The US has laid out its annual trade “wish list” and it will not make easy reading for David Davis and Liam Fox’s team of negotiators.
The 500-page tome from the US Trade Representative (USTR) published this week firmly espouses the virtues of free trade and less regulation, just as Donald Trump proposed slapping a further $100bn (£71.5bn) of import levies on Chinese goods.
The document lays out what the US sees as restrictions to trade all around the world. It wants to get rid of “onerous” rules on everything from animal welfare to chemicals to the import of crops for biofuel.
The USTR’s biggest concern is the increasing importance to US trade policy of testing, labelling and certification requirements and “sanitary and phytosanitary (SPS) measures”.
What does this mean in plain English? Essentially, it’s health and safety, which, ironically, was one of the many issues that annoyed some people into voting to leave in the EU referendum.
In Britain, the complex area of product standards has been reduced down to the totemic issue of chlorine-washed chickens – a simple way of saying that US farmers treat animals, dead or alive, in ways EU officials, and the British public, don’t like.
The USTR’s report clearly shows that the US is unlikely to budge on issues of animal welfare or food safety, whatever “red lines” the environment secretary, Michael Gove, might claim to have set.
“The United States remains concerned about a number of measures the EU maintains ostensibly for the purposes of food safety and protecting human, animal, or plant life or health,” the USTR said.
These measures “unnecessarily restrict trade without furthering their safety objectives because they are not based on scientific principles, maintained with sufficient scientific evidence, or applied only to the extent necessary”.
The issue is much deeper than the debate around chlorine-washed chicken would suggest. The UK, as part of the EU, does not get its own section in the USTR report, but the 47-page chapter devoted to America’s gripes about the EU, points to where trade negotiations between the two partners in the “special relationship” might head.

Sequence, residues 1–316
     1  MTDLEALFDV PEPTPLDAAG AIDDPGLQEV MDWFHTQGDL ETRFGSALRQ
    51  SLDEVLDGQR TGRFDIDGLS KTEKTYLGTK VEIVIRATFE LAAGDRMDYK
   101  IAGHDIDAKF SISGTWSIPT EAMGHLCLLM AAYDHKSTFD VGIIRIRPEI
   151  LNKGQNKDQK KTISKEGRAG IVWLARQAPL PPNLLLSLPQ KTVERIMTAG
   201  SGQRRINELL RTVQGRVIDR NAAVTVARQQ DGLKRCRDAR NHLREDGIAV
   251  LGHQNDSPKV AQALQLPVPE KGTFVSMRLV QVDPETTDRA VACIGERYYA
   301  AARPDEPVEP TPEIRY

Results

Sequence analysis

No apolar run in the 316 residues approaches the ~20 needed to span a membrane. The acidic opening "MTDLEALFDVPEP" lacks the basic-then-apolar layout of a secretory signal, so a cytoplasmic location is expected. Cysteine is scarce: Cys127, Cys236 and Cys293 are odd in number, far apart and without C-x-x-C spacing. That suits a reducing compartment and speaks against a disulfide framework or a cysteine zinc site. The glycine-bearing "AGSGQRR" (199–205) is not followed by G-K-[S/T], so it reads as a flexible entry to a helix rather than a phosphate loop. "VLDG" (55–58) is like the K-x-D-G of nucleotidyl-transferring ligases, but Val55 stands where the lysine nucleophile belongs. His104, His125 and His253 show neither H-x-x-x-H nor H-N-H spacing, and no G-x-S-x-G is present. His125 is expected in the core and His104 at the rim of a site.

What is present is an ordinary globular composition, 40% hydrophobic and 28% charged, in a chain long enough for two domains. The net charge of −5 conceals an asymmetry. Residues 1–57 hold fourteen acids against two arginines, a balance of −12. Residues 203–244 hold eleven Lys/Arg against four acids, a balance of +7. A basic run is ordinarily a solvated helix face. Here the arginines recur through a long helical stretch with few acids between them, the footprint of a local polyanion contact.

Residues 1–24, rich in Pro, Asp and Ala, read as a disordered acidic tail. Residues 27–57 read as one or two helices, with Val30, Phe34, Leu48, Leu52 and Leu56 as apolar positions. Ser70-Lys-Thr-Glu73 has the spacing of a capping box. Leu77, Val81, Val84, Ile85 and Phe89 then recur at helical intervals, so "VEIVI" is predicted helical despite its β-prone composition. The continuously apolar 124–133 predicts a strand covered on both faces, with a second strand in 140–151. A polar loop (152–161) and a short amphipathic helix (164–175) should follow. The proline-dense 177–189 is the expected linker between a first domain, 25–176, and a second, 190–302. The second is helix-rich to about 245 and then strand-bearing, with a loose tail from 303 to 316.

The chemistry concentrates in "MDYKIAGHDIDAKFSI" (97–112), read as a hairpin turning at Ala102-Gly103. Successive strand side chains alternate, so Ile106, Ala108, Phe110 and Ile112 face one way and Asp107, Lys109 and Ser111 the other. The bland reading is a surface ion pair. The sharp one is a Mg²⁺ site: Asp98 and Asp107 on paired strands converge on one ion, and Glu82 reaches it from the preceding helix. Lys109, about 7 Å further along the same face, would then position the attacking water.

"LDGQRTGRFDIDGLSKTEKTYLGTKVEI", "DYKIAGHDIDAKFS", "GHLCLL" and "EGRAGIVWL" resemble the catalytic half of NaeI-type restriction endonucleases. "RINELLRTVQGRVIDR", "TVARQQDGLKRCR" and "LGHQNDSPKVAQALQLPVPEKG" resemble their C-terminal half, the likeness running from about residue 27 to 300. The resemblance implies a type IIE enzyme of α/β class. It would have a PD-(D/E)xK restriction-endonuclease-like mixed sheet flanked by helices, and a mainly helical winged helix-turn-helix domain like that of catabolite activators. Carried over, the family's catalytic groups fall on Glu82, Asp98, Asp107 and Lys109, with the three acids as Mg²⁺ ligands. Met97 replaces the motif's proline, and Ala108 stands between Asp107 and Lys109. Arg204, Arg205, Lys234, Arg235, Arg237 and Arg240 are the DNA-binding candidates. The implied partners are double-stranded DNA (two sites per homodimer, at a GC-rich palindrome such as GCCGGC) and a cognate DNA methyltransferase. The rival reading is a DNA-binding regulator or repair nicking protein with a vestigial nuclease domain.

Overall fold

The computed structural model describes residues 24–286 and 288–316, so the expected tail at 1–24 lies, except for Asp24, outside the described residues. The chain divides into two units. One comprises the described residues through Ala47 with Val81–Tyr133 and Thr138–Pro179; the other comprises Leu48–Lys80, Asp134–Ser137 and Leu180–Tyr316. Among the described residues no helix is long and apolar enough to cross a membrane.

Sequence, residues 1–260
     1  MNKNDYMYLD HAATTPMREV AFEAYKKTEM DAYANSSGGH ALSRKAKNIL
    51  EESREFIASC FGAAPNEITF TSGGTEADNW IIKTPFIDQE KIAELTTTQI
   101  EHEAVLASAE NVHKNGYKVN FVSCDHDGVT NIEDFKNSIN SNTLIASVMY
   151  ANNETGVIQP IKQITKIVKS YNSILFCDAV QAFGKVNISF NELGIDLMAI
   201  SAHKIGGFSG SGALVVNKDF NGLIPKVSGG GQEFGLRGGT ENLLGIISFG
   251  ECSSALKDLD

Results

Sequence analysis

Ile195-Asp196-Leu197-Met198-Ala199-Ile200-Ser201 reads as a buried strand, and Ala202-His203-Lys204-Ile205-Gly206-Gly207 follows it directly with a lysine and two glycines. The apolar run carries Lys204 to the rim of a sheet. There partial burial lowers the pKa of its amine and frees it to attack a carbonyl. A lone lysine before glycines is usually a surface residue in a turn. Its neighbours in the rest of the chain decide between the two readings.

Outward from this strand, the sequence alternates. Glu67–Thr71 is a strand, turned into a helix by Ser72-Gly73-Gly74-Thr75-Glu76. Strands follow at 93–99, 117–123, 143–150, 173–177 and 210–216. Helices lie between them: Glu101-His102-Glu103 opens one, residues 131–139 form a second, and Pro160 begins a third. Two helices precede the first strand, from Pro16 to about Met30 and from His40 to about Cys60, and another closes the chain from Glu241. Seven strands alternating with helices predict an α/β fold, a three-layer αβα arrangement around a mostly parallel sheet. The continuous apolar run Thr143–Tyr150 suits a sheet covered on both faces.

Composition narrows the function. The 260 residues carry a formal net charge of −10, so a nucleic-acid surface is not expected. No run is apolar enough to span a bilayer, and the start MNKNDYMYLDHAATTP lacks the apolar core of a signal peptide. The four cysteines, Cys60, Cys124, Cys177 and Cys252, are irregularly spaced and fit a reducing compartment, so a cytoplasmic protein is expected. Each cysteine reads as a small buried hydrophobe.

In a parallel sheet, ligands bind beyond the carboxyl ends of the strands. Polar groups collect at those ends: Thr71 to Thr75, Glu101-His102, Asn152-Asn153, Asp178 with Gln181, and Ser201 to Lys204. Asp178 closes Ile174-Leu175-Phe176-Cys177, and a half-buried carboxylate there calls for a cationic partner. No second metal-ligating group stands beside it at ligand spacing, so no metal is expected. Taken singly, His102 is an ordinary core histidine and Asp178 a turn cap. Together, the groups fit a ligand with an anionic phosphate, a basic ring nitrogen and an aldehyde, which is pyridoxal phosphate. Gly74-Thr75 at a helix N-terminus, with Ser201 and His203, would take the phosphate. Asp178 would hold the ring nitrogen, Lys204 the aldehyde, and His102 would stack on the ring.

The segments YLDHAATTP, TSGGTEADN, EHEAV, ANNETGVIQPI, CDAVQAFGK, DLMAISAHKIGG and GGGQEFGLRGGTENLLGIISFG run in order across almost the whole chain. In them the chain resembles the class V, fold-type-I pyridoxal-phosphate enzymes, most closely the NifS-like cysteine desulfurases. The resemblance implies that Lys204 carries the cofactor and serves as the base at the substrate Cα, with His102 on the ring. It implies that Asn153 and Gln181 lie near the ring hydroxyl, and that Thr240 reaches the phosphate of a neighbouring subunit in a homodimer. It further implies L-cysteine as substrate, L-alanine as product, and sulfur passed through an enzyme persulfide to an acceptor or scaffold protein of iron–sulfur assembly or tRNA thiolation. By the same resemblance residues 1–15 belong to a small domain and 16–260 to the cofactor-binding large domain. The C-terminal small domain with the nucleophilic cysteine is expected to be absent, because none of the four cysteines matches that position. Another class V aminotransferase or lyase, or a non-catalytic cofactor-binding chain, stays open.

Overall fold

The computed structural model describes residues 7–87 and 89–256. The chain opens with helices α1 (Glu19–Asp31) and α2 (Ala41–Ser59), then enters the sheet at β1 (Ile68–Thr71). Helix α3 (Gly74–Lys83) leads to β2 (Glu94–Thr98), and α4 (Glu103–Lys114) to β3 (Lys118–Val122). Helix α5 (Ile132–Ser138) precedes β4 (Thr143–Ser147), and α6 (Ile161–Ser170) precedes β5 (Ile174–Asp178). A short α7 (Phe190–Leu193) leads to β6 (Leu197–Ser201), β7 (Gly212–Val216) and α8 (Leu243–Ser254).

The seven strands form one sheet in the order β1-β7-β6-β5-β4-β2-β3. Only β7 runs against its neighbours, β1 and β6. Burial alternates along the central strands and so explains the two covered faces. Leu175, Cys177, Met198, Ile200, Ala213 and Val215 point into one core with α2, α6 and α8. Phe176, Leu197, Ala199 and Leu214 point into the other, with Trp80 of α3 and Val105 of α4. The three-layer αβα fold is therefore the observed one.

Few industries are left untouched. The USTR rails against the burden of EU food labelling as well as restrictions on cosmetics and pesticides.
It bemoans the fact that accreditation bodies for product standards must be public and nonprofit, when private American firms could do the job.
It complains about the widely recognised CE safety mark, so expect that to go.
On chemicals, the EU’s regulations impose “extensive registration, testing and data requirements on all chemicals manufactured or imported into the EU in quantities greater than a metric ton”; something that most British citizens probably support. The USTR says it does too, but argues that some requirements are overly onerous or “simply unnecessary”.
Restrictions on biofuel crops, which a number of studies have shown can potentially be worse for climate change than fossil fuels, are also highlighted as a burden.
Minimum unit pricing of alcohol, set to be introduced in Scotland, could also come under pressure. The USTR criticises a public health bill in Ireland which proposes minimum unit pricing as well as labelling requirements for alcohol.
The USTR says the measures “have the potential to generate additional administrative costs and detrimentally impact the ability of US exporters to reallocate product in the European market”.
The document also confirms that the US will effectively push to allow American-produced Cornish pasties or Cumberland sausages by scrapping EU rules around the geographical origins of certain foods.
It seems likely that these sorts of issues will continue to dominate the debate ahead of more pressing concerns over safety standards, the environment and public health.
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